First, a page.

Compared to SSMU, PGSS has fewer notable events as it is relatively controversy-free. Throughout the academic year, PGSS offers a variety of health and wellness activities for its members, such as yoga and karaoke. In September 2022, the student union will run an orientation program designed to build community between its members. The next PGSS general meeting will take place on Nov. 16, and its first Council meeting, held at Thompson House, will take place on Sept. 4. 

McGill Senate

What it is:

The McGill Senate is responsible for overseeing all academic matters at McGill. It is composed of 111 members from various constituencies around the university, including students, faculty, staff, administrators, Board of Governors members, and alumni. Students hold several seats in the Senate: Each undergraduate faculty association elects a student, both the SSMU President and VP University Affairs are members, and PGSS holds four seats. 

Who’s who:

The McGill Senate is where you’ll find some of the key decision makers at the university, including Chancellor John McCall MacBain,outgoing Principal and Vice-Chancellor Suzanne Fortier, Chair of the Board of Governors Maryse Bertrand, Deputy Provost (Student Life & Learning) Fabrice Labeau, and interim Principal and Provost and Vice-Principal (Academic) Christopher Manfredi—Fortier stepped down on Sept. 6.

Recent Events:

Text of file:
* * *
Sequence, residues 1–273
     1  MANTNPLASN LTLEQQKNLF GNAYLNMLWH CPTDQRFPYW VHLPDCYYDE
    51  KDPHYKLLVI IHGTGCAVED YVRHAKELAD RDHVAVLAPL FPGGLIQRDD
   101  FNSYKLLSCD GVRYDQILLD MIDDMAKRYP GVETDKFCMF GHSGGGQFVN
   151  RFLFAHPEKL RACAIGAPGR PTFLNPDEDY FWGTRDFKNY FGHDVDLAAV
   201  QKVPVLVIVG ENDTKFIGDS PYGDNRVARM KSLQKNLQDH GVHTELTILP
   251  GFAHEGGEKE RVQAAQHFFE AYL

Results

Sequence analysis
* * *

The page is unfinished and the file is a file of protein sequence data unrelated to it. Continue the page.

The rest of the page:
In April, the Senate approved plans for new academic programs at McGill, such as a Population and Global Health program in the Faculty of Arts and a Certificate in STEM Foundations in the School of Continuing Studies. Senate members also debated whether to keep certain pandemic accommodations in place long-term, such as the flexible Satisfactory/Unsatisfactory (S/U) grading option, or whether to mandate lecture recordings, but has not yet  agreed on whether to keep the policies in place.

Board of Governors (BoG)

What it is:

The BoG is McGill’s highest governing body. It has the final authority over all academic, business, and financial matters at McGill, and is also responsible for the maintenance and management of the university’s property. It is composed of 25 voting members, which includes the Chancellor, the senior administration, a member each from SSMU and PGSS, some faculty members, alumni, Senate representatives, and administrative staff. Two non-voting student observers from the Macdonald Campus Students’ Society and the McGill Association of Continuing Education Students also hold seats on the BoG. 

Who’s Who:

Many members of McGill’s Senate also sit on the Board of Governors: Christopher Manfredi  and John McCall MacBain are both members. Maryse Bertrand is Chair of the Board, and her vice-chairs are Claude Généreux and Pierre Matuszewski. Risann Wright, in her capacity as SSMU President, also sits on the BoG, along with Naga Thovinakere, a PGSS executive.

Recent events:

In April, the BoG passed McGill’s 2023 annual budget and approved the appointment of Lisa Shapiro as the next Dean of the Faculty of Arts. Professor Angela Campbell, Associate Provost (Equity & Academic Policies) also presented the annual report on McGill’s Policy against Sexual Violence, which  summarized the developments and cases received under the Policy in 2021.